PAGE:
The mapper goes through every vertex and finds all of its neighbors as well as their cluster labels. The reducer reassigns the cluster label for each vertex if it finds its neighbor is the center of a bigger cluster.

(4) ComponentSummaryMapper/Reducer

Here, the functionality is to write out the vertices with their final cluster labels.

Turning now to cluster quality evaluation, this module calculates the silhouette index for each record (cluster member) and cluster. Silhouette refers to a method of interpretation and validation of consistency within clusters that provides a succinct graphical representation of how well each object lies within its cluster. For each datum i, let a(i) be the average dissimilarity of i with all other data within the same cluster a(i) can be interpreted as how well i is assigned to its cluster (the smaller the value, the better the assignment). The average dissimilarity of point into a cluster c can be defined as the average of the distance from i to points in c.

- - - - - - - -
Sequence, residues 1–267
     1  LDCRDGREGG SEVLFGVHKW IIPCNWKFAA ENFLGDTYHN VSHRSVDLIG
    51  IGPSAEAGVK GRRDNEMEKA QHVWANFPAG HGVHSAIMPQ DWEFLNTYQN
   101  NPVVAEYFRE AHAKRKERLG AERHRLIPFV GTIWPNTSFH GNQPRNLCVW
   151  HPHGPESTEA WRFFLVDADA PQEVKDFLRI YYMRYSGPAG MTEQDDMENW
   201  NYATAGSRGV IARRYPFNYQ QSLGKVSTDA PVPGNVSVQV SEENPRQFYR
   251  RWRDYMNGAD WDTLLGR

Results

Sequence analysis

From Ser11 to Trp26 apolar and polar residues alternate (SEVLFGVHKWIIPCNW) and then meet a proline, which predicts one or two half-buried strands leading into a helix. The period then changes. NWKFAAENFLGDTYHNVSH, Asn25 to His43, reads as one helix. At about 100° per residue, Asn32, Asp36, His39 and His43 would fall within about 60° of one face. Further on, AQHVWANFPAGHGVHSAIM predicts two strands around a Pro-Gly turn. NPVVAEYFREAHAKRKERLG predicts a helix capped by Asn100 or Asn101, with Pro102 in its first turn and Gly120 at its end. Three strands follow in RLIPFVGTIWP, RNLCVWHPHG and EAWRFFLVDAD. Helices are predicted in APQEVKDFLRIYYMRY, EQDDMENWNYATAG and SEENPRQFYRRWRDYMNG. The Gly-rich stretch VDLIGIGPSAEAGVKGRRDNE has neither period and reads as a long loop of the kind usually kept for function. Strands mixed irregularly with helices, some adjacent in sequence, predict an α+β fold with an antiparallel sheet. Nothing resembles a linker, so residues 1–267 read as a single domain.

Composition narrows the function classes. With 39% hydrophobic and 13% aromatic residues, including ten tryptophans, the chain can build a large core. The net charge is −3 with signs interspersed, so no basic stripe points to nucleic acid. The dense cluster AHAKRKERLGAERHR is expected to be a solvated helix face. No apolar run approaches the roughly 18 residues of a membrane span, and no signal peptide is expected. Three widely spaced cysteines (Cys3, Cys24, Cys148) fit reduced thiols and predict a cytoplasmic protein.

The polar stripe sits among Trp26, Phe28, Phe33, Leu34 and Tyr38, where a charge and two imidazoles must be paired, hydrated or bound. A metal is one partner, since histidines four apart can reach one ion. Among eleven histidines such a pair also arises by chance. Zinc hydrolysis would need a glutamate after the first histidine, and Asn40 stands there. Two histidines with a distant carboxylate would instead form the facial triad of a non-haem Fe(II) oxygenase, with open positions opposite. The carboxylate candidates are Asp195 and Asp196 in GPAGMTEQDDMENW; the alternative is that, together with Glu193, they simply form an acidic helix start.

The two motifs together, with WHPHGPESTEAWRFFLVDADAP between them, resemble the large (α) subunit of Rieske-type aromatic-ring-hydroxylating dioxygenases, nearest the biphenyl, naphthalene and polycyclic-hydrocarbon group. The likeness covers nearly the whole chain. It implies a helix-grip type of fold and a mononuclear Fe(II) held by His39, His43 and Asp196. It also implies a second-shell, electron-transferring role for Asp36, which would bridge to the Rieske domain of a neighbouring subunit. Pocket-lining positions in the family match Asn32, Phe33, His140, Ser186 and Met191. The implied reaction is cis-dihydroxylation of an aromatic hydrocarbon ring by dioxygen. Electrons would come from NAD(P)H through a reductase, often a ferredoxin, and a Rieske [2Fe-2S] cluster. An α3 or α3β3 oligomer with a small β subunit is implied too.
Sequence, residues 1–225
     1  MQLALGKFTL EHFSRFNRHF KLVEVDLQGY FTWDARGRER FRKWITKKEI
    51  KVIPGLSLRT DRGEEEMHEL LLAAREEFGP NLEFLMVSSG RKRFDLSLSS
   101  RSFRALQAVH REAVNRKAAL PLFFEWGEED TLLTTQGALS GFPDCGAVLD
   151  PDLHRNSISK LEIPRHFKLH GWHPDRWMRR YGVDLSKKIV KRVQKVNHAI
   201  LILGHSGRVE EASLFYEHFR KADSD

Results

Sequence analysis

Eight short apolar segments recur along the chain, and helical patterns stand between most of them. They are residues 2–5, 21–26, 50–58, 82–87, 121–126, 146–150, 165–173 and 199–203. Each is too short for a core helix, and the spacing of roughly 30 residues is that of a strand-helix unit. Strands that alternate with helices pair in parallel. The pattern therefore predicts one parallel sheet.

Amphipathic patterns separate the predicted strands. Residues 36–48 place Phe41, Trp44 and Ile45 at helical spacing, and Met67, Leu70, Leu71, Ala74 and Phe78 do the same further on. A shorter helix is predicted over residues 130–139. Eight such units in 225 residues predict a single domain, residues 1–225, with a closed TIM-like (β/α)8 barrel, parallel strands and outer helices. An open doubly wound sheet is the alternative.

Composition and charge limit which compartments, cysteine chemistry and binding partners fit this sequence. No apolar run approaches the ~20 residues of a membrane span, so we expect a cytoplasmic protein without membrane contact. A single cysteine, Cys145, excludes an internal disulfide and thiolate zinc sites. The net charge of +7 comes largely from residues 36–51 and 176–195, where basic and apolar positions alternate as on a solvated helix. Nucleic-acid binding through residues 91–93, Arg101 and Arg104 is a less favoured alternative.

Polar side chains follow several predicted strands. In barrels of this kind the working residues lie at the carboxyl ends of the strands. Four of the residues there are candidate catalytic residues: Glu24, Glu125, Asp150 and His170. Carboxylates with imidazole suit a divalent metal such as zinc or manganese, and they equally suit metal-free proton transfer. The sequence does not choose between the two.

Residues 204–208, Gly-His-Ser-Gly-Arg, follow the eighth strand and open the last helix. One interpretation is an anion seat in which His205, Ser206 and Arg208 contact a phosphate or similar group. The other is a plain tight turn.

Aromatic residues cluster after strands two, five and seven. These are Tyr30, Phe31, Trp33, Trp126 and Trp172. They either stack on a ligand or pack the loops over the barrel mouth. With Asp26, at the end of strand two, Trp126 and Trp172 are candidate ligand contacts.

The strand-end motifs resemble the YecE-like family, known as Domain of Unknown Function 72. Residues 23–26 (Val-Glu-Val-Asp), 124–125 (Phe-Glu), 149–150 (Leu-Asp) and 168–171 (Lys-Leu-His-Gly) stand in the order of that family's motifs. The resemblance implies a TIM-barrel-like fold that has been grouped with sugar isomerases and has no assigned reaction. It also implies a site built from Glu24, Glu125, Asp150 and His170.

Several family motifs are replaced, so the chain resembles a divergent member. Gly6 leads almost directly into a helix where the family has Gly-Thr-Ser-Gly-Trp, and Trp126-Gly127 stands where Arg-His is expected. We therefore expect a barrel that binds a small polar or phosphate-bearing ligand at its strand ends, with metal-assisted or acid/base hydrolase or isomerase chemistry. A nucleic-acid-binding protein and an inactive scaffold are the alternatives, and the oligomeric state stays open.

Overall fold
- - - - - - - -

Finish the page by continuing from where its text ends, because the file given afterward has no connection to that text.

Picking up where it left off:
Let b(i) be the lowest average dissimilarity of i to any other cluster of which i is not a member. The cluster with this lowest average dissimilarity is said to be the “neighboring cluster” of i because it is the next best-fit cluster for point i. A silhouette is then defined as such:

s ( i ) = b ( i ) - a ( i ) max { a ( i ) , b ( i ) }

This can be written as

s ( i ) = { 1 - a ( i ) / b ( i ) , if a ( i ) < b ( i ) 0 , if a ( i ) = b ( i ) b ( i ) / a ( i ) - 1 , if a ( i ) > b ( i )

From the above definition it is clear that
−≤1s(i)≤1

For s(i) to be close to 1, a(i)

Figure US10242258-20190326-P00001
b(i). As a(i) is a measure of how dissimilar i is to its own cluster, a small value means it is well matched. Furthermore, a large b(i) implies that i is badly matched to its neighboring cluster. Thus, an s(i) close to 1 means that the datum is appropriately clustered. If s(i) is close to −1, then by the same logic it can be seen that i would be more appropriate if it was clustered in its neighboring cluster. An s(i) near 0 means that the datum is on the border of two natural clusters.